“How do you know what I know or don’t know?”

“Let me test you. You think that to lose weight you have to really cut down what you eat. Right?”

“Yeah sure.”

“Wrong. If you quit eating then your body thinks there’s a famine and it starts storing fat cells like crazy, trying to get ready for when there’s no food at all coming in. If you want to lose weight, you have to eat a lot so your body doesn’t worry about where the next meal is coming from.”

“If I ate a lot then I’d gain weight.”

“Not if you eat the right things.”

“What are the right things?”

“Vegetables, fruits, bread, cereal, things like that. And cut down on those double cheese bacon burgers and fries.”

“Basically you’re telling me to eat the way my mother says.”

“Yeah basically.”

“It’s got to be more complicated than that.”

“Is what you’re doing now working for you?”

“It would if I’d just stick to it.”

“Right now you spend most of your time thinking about food. You’re either feeling guilty you ate something or else you’re craving something to eat. You’re becoming totally preoccupied about food. If you ate normally, you’d have more time to think about other things.”

“Like Kyle.”

“If you ate more normally, you’d have more energy to go over and talk to Kyle instead of just looking at him from a distance.”

“I could never do that.”

“Why not?”

“I just couldn’t, that’s all.”

“He’d like to have someone he could talk to.”

“He would?”


“Okay, I’ll do it, but first I want to lose ten pounds.”

“If you wait that long, Diane will be his best friend.”

“All right, I’ll do it, and I’ll eat sensibly and everything. Now can you go away so I can dream about Kyle.”

“Not yet. We have one more visit to make. We need to talk about something else.”

Suddenly they were standing in her kitchen at home. “This is last Sunday right after church,” he said. “Do you remember what happened?” You wanted to watch TV. You asked your dad, and he said he thought you shouldn’t watch TV on Sunday. It really made you mad because the reason you wanted to watch is because you were writing a report about dolphins in school and this was a special hour show about dolphins. Do you remember being angry?”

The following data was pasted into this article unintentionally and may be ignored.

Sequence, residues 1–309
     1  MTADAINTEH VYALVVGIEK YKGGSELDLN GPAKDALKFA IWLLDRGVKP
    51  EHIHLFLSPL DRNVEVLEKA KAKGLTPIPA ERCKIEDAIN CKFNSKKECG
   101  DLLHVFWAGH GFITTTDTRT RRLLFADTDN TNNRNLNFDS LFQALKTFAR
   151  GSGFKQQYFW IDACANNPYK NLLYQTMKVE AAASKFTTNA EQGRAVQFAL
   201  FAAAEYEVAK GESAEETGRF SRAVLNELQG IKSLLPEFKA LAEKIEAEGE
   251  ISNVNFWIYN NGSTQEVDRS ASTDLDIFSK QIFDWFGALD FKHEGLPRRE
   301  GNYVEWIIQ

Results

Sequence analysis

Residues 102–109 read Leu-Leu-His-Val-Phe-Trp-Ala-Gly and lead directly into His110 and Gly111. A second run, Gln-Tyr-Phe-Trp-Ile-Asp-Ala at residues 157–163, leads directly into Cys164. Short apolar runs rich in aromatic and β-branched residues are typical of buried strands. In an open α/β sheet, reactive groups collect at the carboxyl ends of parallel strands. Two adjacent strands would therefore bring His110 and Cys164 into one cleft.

“Yes, I had a good reason to watch the show.”

“You were angry, but all you did was get up from the table and go to your room and shut the door.”

“What’s wrong with that?”

“You didn’t explain anything. You just kept your feelings inside of you.”

“What do you think I should have done, started yelling?”

“No, it’s good to control anger, but you need to express your feelings. You could have told your dad you didn’t think it was fair. You could have explained why you wanted to see that particular TV program.”

“It wouldn’t have done any good.”

“Maybe you still wouldn’t have been allowed to watch TV, but at least talking about how you felt would have got your feelings out in the open instead of keeping them bottled up inside you.”

“It’s no big deal.”

“I think you got even by eating that quart of ice cream in your room later that afternoon. And then you felt so guilty about it you went in the bathroom and on purpose threw everything up. Didn’t you?”

She wouldn’t look at him. “I promised myself I’d never do it again.”

“You’re getting into a pattern that keeps repeating itself. It doesn’t leave much time for anything else, does it?”

“I told you, I’ll never do it again. Now can I dream about Kyle?”

“This is probably not something you can stop all by yourself. You need to tell your parents what’s going on.”

“I can’t do that.”

“Why not?”

“It would really upset them.”

“They’re not china dolls that’ll break at the slightest problem. They can handle it.”

“Why do I have to tell them?”

“So they can get you some help if you need it.”

“I can stop it myself.”

“Maybe you can, but you still need to tell them right away because they already sense something’s wrong. They just don’t know what it is. Promise me you’ll tell your parents in the morning.”

It took her a long time to decide, but finally she said, “Okay.”

The scene changed and Kyle was there with a big smile on his face. “Thanks for calling me last night,” he said.

“I called you last night?” she asked.

And then it was morning and her mother opened the door to her room and told her it was time to get ready for school.

As she walked into the kitchen a few minutes later, her father was reading the paper and her mother was fixing breakfast. She sat down at the table, looked around, took a deep breath, and began. “Mom, Dad, there’s something I need to talk to you about. There’s this problem I have and I may need some help.”

Her father put down his paper, and her mother came away from the stove.

And then they talked.

Illustrated by Dilleen Marsh